Farming and fishing folk return to villages in parts of north-west Sri Lanka

The coastal village of Arippu in north-western Sri Lanka has been deserted for years, but people are coming back with UNHCR help now the war is over.

A happy returnee holds a hurricane lamp in one hand and balances aid items on her head at a UNHCR distribution point.  © UNHCR/B.Baloch

ARIPPU, Sri Lanka, June 19 (UNHCR) - The coastal village of Arippu in north-western Sri Lanka has been deserted for years, but people are coming back from nearby towns with the help of UNHCR now the long war with the rebel Liberation Tigers of Tamil Eelam (LTTE) seems to be over.

The villagers of Arippu, located in Mannar district, had fled their homes over the years to escape from fighting between the LTTE and government forces. Last month, the government declared it had defeated the LTTE, ending the 25-year-old conflict in the north and east of Sri Lanka.

The authorities are now encouraging and facilitating a return to Arippu and other nearby villages and on June 9 UNHCR brought back a first group of 1,676 people (about 390 families) to Arippu and some 555 people (about 150 families) to five other villages in an area where most people rely on farming or fishing.

Some of the returnees, like Pathmanathan Sivananthan, were brought back by the government in May on "go-and-see" visits, which helped them decide whether or not to return permanently.

"Most of the villages in this area were deserted. The only signs of life before the recent returns were soldiers or cattle left behind when people fled," said Sivananthan, who decided to return. "I thought it was time to come home."

Aside from bringing back the Arippu villagers, the UN refugee agency also distributed aid items to help them resume a normal life. The return packages included plastic sheeting and mats, buckets, shovels, kitchen items, clothing, hurricane lamps and more. The World Food Programme will be supporting the returnees with food rations for the next six months.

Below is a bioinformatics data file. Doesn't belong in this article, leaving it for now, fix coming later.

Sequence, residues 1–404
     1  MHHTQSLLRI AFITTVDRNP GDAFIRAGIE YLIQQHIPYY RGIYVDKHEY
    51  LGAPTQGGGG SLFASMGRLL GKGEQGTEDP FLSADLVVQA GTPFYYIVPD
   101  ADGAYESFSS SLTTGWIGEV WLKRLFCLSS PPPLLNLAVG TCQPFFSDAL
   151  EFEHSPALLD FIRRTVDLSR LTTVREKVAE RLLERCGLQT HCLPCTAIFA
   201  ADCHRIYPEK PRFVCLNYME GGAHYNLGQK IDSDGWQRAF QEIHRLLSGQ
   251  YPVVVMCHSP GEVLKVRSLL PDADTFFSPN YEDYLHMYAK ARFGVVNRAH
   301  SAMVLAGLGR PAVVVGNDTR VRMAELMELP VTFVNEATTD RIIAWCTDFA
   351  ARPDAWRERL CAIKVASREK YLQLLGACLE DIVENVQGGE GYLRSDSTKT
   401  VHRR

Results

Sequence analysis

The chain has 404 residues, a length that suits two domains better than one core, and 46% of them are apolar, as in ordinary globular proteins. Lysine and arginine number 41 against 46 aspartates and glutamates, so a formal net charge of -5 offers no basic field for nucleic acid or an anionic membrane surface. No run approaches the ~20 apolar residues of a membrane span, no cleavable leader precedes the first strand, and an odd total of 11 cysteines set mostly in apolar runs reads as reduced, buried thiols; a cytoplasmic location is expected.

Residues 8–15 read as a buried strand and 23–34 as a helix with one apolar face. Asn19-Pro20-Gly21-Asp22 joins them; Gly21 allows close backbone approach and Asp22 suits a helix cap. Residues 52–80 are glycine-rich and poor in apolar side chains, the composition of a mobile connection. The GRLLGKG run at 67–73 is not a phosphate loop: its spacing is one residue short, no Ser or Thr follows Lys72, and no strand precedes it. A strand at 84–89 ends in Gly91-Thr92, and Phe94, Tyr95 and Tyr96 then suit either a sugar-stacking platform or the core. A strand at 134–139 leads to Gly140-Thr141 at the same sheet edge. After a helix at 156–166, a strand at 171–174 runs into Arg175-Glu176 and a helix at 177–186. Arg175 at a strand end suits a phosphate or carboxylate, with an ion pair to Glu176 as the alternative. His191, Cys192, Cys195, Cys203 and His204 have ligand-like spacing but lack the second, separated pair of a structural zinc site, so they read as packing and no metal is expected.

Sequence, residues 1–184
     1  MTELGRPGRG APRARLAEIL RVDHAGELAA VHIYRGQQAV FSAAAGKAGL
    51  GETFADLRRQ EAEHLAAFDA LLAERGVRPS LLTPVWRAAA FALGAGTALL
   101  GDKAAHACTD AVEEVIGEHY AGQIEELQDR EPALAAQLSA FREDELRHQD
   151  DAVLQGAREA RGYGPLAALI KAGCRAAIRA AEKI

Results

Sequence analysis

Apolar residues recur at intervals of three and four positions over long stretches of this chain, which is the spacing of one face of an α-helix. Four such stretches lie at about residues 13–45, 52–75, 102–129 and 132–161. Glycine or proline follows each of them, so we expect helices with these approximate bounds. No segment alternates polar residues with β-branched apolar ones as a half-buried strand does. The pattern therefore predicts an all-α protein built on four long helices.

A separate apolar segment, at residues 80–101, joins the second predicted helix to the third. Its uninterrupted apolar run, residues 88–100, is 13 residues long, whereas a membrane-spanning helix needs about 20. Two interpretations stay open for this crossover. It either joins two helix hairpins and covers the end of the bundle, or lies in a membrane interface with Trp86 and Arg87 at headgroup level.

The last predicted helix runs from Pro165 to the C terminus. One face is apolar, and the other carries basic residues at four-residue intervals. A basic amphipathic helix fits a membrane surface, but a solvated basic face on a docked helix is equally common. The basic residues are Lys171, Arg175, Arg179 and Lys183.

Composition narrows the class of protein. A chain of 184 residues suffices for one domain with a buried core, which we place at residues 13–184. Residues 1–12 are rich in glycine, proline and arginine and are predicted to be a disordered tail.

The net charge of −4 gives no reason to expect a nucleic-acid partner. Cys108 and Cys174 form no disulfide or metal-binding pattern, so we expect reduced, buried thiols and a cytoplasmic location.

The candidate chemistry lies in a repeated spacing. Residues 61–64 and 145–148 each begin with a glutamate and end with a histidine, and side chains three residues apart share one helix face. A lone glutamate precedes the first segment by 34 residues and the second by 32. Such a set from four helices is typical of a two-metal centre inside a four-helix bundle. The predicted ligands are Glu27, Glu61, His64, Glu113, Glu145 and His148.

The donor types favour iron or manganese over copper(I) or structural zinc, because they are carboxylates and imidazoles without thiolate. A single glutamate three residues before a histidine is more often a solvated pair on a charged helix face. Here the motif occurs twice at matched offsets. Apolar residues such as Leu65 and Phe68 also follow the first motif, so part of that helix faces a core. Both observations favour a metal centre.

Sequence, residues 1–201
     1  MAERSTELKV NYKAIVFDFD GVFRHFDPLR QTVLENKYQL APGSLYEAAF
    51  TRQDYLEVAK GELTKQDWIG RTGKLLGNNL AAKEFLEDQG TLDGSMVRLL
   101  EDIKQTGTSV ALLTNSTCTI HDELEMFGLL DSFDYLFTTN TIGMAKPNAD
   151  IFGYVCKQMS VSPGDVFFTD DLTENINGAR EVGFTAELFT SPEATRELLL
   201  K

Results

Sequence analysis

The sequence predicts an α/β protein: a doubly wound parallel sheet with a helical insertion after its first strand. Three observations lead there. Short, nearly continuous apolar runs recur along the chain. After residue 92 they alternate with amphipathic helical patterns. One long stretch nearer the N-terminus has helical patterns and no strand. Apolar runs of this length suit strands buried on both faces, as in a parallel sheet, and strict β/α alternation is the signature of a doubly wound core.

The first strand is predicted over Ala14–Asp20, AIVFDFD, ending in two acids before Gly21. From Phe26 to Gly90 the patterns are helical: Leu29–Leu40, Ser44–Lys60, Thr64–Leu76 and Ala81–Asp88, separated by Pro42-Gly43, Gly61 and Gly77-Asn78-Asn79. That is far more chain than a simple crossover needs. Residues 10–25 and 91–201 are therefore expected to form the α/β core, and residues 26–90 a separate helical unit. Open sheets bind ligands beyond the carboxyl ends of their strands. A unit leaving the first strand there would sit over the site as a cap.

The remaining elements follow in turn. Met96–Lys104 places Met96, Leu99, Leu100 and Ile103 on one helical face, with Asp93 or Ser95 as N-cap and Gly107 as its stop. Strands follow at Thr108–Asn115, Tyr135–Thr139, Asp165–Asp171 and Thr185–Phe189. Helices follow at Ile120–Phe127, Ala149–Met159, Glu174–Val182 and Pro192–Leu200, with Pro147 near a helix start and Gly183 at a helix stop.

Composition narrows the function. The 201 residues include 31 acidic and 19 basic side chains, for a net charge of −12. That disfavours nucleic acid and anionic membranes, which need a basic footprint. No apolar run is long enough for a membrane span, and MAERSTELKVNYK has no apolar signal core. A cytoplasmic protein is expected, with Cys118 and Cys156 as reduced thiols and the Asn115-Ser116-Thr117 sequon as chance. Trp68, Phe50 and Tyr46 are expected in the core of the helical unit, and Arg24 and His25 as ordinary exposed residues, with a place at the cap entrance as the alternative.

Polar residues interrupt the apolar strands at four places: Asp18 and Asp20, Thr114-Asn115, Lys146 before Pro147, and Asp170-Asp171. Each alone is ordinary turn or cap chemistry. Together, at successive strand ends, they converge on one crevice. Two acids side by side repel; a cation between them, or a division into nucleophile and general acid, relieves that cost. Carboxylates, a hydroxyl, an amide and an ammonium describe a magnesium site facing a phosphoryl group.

"UNHCR is helping the government to make these returns sustainable," said Roka Kudo, head of the UNHCR field office in Mannar district. He explained that people returning to damaged dwellings could use the sheeting to protect them from the elements until their red brick homes could be repaired or rebuilt.

"When you see our houses from afar they look fine, but when you get close you might find that the façade is okay, but the back has gone. In some cases, the rooves have collapsed," said Savion Irutharani, a 55-year-old woman among those in Arippu who made good use of the plastic sheeting.

In another part of the village, a 12-year-old returnee called Kaushalya was helping her father build the wooden framework of a family home that will be completed with the help of UNHCR and its partners.

"I always wanted to come back with my family and enjoy life in our own village and home," the young girl told UNHCR visitors as she hammered a nail into a post under the scorching sun. She and her family had been living in a rice mill in a safer area of Mannar for the past two years.

The returnees that UNHCR spoke to said they wanted to resume fishing or farming to make enough to feed their families. "The government has allowed us to bring back our fishing boats," said Kandasamy Tharshan, who was unloading nets that had just been delivered by truck. "Seventy-four boats will be here soon . . . I hope we can start fishing soon and earning a living in our ancestral place."

There are currently an estimated 550,000 internally displaced people in Sri Lanka. While supporting returns in the east and north-west, UNHCR continues to help the government improve conditions in 35 emergency shelter sites in northern parts of the country, where some 284,000 people displaced during the last months of the war are accommodated.

By Babar Baloch in Arippu, Sri Lanka